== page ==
Sunday, October 31, 2021

Soul Care When You're Grieving

by Edie Melson @EdieMelson

Yep, the third book in my Soul Care series, published by Bold Vision Books, is coming out in just a few days. I'd like to share and short introduction and an excerpt. I hope you'll join us in our power buy day on Amazon, November 2, if you like what you see below!

Saturday, October 30, 2021

Writing ABCs, 26 Things Every Writer Needs to Know

By Edie Melson @EdieMelson

Lately I've had a lot of folks ask me what it takes to become a writer. 


The real answer takes hours, but today I decided to just boil it down to the basics. 


I’ve done several of these ABC posts here on The Write Conversation and today I’m adding one more. I just can’t seem to help it, they’re so much fun to do.

Friday, October 29, 2021

The Challenge for Every Book Author

Edie here. Today I have a treat for you! One of the icons of Christian publishing, Terry Whalin, is sharing his insight through today's blog. Years ago, when I was just getting started, someone recommended his book about writing proposals. I used that book through the years to teach me how to submit. Now, he's updated and re-released Book Proposals that $ell: 21 Secrets to Speed Your Success. Enjoy Terry's post, and be sure to take a look at his book!

The Challenge for Every Book Author
By Terry Whalin @terrywhalin

I love the rush of adrenaline when I type the final paragraph in a book project. My wife has heard me say this statement so many times: “Books are long.” Whether you are writing nonfiction or fiction, it takes a lot of effort, persistence and discipline to push through to get a first draft into your computer. 

Thursday, October 28, 2021

For Writers: Finding the Right Word, Part 2

by Henry McLaughlin @RiverBendSagas

This week, I’m continuing the series on finding the right word. Let me emphasize again this is part of the editing process more than it is part of the creative process, especially the first couple of drafts. Those early drafts are to get the story out so we have something to work with. Finding the right word is part of editing when we look to improve the first draft by finding words that better express what we want to say. You can find the earlier post here: Writers: Finding the Right Word, Part 1.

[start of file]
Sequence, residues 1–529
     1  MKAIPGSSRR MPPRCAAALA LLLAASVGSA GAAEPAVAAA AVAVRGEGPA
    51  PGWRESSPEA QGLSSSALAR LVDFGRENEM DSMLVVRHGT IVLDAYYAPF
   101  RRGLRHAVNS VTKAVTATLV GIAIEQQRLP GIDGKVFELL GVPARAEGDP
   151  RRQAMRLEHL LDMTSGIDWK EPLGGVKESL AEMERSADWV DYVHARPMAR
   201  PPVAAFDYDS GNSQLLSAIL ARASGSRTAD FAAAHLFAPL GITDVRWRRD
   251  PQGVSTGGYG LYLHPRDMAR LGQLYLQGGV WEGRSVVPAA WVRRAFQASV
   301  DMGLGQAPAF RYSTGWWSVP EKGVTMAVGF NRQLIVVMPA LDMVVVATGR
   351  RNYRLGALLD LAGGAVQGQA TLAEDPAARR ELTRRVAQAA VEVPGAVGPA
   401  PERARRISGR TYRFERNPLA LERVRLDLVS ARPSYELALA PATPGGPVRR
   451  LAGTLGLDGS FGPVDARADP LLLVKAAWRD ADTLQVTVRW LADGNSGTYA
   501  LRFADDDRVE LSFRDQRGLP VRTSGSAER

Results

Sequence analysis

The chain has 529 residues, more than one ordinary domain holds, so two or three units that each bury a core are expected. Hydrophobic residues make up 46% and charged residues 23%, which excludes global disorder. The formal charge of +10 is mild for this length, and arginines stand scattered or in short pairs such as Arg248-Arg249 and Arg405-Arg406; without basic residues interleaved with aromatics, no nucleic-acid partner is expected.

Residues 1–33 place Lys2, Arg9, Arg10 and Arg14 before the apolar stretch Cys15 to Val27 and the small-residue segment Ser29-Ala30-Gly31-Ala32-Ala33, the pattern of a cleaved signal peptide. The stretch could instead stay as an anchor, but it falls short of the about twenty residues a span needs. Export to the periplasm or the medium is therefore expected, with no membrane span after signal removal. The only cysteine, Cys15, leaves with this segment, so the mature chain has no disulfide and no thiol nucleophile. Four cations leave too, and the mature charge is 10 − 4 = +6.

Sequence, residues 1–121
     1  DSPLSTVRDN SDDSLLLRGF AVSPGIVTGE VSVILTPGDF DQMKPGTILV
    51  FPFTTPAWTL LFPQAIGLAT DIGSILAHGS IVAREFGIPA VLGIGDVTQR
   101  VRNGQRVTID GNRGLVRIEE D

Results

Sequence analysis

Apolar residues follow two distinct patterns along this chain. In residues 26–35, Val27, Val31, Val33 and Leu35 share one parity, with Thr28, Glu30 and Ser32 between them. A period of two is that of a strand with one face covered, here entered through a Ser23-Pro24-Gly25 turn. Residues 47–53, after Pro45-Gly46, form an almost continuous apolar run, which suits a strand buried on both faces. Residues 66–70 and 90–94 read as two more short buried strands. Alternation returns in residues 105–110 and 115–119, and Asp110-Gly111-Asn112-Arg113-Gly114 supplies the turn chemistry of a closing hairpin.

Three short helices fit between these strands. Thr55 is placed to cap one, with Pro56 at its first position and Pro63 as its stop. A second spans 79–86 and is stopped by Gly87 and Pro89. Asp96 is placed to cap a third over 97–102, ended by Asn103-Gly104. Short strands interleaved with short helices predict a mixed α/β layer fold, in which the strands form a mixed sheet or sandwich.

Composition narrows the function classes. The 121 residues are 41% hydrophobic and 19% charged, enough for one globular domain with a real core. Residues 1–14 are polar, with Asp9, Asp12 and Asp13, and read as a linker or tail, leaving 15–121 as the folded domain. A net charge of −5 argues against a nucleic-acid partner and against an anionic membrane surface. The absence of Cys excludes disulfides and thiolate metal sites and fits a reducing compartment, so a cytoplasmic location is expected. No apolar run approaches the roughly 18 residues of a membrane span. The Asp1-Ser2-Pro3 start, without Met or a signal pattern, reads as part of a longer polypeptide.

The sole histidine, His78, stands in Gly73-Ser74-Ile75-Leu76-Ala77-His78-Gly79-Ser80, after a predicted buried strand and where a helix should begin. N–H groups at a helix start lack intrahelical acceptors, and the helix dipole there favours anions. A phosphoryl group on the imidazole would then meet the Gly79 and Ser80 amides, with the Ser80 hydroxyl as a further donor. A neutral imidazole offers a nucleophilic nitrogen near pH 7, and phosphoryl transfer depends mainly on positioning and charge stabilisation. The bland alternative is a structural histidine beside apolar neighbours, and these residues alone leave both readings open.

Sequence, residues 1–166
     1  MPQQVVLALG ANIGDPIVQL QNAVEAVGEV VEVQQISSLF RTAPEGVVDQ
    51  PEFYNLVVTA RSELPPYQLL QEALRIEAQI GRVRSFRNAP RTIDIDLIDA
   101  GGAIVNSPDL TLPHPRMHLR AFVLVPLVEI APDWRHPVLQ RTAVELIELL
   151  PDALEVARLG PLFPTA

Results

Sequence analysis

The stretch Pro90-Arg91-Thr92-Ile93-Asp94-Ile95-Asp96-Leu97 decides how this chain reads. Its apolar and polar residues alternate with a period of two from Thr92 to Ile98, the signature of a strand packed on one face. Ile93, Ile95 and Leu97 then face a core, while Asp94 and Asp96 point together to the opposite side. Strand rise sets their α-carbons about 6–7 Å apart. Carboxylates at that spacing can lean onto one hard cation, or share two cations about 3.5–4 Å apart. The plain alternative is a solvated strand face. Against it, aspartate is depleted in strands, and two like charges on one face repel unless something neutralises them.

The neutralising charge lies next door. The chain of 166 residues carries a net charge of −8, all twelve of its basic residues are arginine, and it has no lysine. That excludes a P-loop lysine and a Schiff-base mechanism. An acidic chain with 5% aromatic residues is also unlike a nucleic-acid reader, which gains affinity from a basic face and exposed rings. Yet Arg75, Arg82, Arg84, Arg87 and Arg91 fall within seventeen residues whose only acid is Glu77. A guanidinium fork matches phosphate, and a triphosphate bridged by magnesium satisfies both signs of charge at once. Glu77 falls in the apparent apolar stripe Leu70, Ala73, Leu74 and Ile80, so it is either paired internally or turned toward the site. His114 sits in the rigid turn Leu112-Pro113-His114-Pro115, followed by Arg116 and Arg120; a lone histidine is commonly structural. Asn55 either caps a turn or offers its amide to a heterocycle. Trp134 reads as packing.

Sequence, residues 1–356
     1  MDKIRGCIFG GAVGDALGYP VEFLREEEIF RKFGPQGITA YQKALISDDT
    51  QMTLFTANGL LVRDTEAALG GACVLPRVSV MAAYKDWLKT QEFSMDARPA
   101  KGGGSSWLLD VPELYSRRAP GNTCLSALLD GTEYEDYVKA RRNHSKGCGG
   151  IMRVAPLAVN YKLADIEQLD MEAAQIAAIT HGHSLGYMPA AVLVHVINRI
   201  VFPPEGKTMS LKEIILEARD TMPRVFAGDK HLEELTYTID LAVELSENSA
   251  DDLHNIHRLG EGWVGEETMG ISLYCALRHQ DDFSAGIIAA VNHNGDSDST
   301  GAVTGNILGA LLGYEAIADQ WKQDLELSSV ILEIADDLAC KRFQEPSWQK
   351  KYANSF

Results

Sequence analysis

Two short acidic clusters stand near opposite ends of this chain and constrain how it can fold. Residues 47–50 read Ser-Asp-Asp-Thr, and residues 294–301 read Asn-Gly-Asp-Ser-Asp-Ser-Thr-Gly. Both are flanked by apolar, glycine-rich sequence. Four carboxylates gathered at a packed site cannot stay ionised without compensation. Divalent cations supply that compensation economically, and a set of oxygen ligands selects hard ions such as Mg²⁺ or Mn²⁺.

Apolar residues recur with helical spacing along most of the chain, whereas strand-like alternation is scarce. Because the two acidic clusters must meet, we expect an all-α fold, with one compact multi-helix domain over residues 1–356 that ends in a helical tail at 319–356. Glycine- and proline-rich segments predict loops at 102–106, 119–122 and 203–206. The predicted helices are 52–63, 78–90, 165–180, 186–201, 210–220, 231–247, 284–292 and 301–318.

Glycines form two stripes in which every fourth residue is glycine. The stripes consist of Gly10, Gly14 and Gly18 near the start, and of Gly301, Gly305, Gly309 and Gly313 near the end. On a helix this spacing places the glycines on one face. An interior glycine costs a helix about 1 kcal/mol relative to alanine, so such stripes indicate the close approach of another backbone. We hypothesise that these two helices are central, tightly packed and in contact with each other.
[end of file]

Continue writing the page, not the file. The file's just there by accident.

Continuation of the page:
Wednesday, October 27, 2021

What Does a Writer Post on Facebook

by DiAnn Mills @DiAnnMills

Congratulations, writer! You’ve successfully launched a Facebook personal profile or group page. But followers aren’t jumping on to encourage you or praise your writing. Day after day, we see no growth or comments. What’s the problem? Perhaps the dilemma is rooted in what the writer is or isn’t posting.

Tuesday, October 26, 2021

13 Reasons Living with a Writer Can Be Scary

By Edie Melson @EdieMelson

There are a lot of scary things about living with a writer. My husband and family know this only too well. Unfortunately, they’ve been subjected to just about everything on the list. And yet they still love me—even more than that they appear to enjoy my career choice at times.

Monday, October 25, 2021

What to do When a Writer Gets Discouraged

by Ane Mulligan @AneMulligan

When I began writing my first manuscript, I was so sure I’d be published right away. And why not? It was brilliant. A wonderful story of Biblical characters we all know and love. What’s not publishable in that?

Sunday, October 24, 2021

10 Ways to Face Your Writing Fears

by Edie Melson @EdieMelson 

Fall is upon us and with it come black cats and trick or treaters. Some cute and some . . . well . . . not so much. In this season of black and orange, I thought I'd highlight some fears all writers face and how to overcome them. 

Saturday, October 23, 2021

Why Does the World Need Stories - Part 3

by Zena Dell Lowe @ZenaDellLowe

Why the World Needs Stories About Heroes 

When you think about heroes, what comes to mind? Somebody from your family? Superman? Maybe an historical figure who did something great? For me, the word “Hero” makes me think of my stepdad, Ralph, who married my Mom in spite of the fact that she had three little kids at home. He loved each of us as if we were his own—something few men would have done. 

Friday, October 22, 2021

A Cure for Writer’s Block—Straight from Heaven

by Lori Hatcher @LoriHatcher2

When a writer asks me, “Are you a panster or a plotter?” I don’t think. I just laugh.

I’ve had a plan for every book I’ve written. A schedule, too. I’ve known the genre, premise, and theme of each book, how many chapters they’d contain, and what the topics would be. In my third book, Refresh Your Faith, Uncommon Devotions from Every Book of the Bible, I even knew which Scripture references I’d use for each devotion. Every time I sat down at my computer, I knew what I was going to write about. 

It was heavenly. I never lacked for ideas or material. The words flowed, and writing was fun. The same thing happened with my fourth book, Refresh Your Prayers, Uncommon Devotions to Restore Power and Praise.

Then came book number five. The geyser of ideas slowed to a trickle, and inspiration flowed as smoothly as a tennis ball through a garden hose. After a few days of staring at a blank computer screen, I did what every seasoned writer does when she hits a speed bump.